Herculean Effort in the Twin Cities: Minneapolis and St. Paul Fest Offers Cinema From 50 Countries
by Jeremy O'Kasick
In high anticipation of the coming hoopla and cinema barrage at Tribeca and Cannes, it is unlikely that even the most well traveled of film festival junkies could locate Minneapolis on a map. Nonetheless, the Minneapolis and St. Paul International Film Festival (MSPIFF), which ran April 4-19, has long been the largest event of its kind in the Upper Midwest, offering the full gamut of international film, from proven triumphs to more obscure premieres from even more obscure nations. (Anyone else on the buzz with the film scene in Kazakhstan as of late?)
In its 21st year, the two-week event crossed a momentous stepping stone in its voyage to gain a higher standing among regional festivals. With more than 130 films screening at seven venues in the Twin Cities, the festival billed itself this year as a "formidable weapon of mass instruction." Wartime puns aside, the coalition of cultural forces -- more than 50 countries were represented -- certainly did liberate the perspectives of local moviegoers before the assault of the Hollywood summer blockbusters.
As the state's marquee annual film event, MSPIFF also brought together the core of the steadfast Minnesota film community. However depleted by production companies that head to Canada and homegrown talent who flee to the coasts, the Minnesota film community continues to trudge ahead, rarely recognized nationally, often taking three steps back for every two ahead.
Many local film dignitaries made appearances at the festival's sold-out opening night gala held at the lavish Historic State Theater in downtown Minneapolis. The festivities got going with the strike of a gong and a tango stride from the seventy-something Robert Duvall, who also introduced his directorial follow-up to "The Apostle." In "Assassination Tango," Duvall portrays a nimble-footed hitman, but it's a character study that lacks both the rhythm and drive of his fire-and-brimstone Southern preacher.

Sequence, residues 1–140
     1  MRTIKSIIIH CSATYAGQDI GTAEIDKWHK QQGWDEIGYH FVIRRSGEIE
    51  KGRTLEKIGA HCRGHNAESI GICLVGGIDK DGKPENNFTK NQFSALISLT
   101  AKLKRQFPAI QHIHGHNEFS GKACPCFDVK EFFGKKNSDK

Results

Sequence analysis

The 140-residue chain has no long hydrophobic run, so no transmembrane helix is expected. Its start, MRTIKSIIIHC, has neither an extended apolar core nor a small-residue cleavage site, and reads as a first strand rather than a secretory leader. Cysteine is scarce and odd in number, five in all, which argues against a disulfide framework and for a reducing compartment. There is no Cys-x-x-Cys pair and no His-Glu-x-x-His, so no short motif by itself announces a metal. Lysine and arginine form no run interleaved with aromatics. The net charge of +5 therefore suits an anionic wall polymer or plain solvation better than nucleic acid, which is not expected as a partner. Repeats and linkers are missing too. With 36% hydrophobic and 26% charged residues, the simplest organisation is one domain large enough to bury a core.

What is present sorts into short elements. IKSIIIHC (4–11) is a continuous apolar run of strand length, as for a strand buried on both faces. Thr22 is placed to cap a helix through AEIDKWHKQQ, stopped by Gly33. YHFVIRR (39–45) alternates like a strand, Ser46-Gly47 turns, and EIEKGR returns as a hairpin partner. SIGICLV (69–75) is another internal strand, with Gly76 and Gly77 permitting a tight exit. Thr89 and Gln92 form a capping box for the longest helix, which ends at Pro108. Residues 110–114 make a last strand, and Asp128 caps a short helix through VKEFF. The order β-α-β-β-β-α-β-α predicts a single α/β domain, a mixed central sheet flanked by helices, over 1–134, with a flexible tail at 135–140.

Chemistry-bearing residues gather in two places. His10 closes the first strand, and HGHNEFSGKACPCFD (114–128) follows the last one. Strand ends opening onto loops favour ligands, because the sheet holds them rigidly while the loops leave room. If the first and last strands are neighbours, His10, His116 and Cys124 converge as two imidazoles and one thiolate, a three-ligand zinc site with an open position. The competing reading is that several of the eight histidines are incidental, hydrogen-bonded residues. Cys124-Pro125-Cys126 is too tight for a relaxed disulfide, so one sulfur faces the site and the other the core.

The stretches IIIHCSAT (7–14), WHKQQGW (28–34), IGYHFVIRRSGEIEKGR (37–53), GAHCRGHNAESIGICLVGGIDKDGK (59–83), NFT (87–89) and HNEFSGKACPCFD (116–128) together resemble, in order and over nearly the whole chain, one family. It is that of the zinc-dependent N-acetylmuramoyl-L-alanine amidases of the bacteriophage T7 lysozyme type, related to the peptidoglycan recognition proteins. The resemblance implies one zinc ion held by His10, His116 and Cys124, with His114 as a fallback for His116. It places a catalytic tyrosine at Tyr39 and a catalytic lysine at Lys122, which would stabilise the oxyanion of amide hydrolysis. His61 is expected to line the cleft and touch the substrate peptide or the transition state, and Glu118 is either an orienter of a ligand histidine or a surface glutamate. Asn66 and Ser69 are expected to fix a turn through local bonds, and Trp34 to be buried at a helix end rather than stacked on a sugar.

Despite the film's mediocrity, however, the hype surrounding the gala foreshadowed a festival unlike any of its predecessors. Not only did this year's MSPIFF shatter all previous attendance records, but it also brought more than 20 filmmakers, producers, and actors to the Twin Cities to introduce their films and offered nearly 30 national premieres.
As with "Assassination Tango," the higher profile selections, such as Christopher Guest's "A Mighty Wind" and James Foley's "Confidence," amounted to nothing more than a promotional screenings before coming wider releases. The festival also showcased three recent Oscar nominees, including "Zus and Zo," "Winged Migration," and Aki Kaurismaki's quirky existential drama, "The Man Without a Past." ("Moro No Brasil," brother Mika Kaurismaki's brilliant documentary of traditional Brazilian music -- the "Buena Vista Social Club" of Brazil -- also screened at the fest.)
Some of the tried-but-true selections persisted in drawing big fanfare. Despite rising critical divisions over "Stevie," documentary filmmaker Steve James engaged in an animated discussion with the audience after the film's screening. Whether or not you throw the exploitation label at James, a controversy that he has exhaustively addressed both off and on camera, his portrait of his mentally disturbed former "little brother" continues to evoke discussion about economic class and how it is perceived in American cinema, which is exactly what he set out to do.
Another provocative doc, "Bus 174," also takes on an often-sensationalized subject, but does so with the same eye on the economic struggles. Winning awards at Rotterdam and most recently at the Full Frame Doc Fest, the film focuses on the hijacking of a bus in Rio de Janeiro and the roots of such violent crime in Brazil's explosive slums.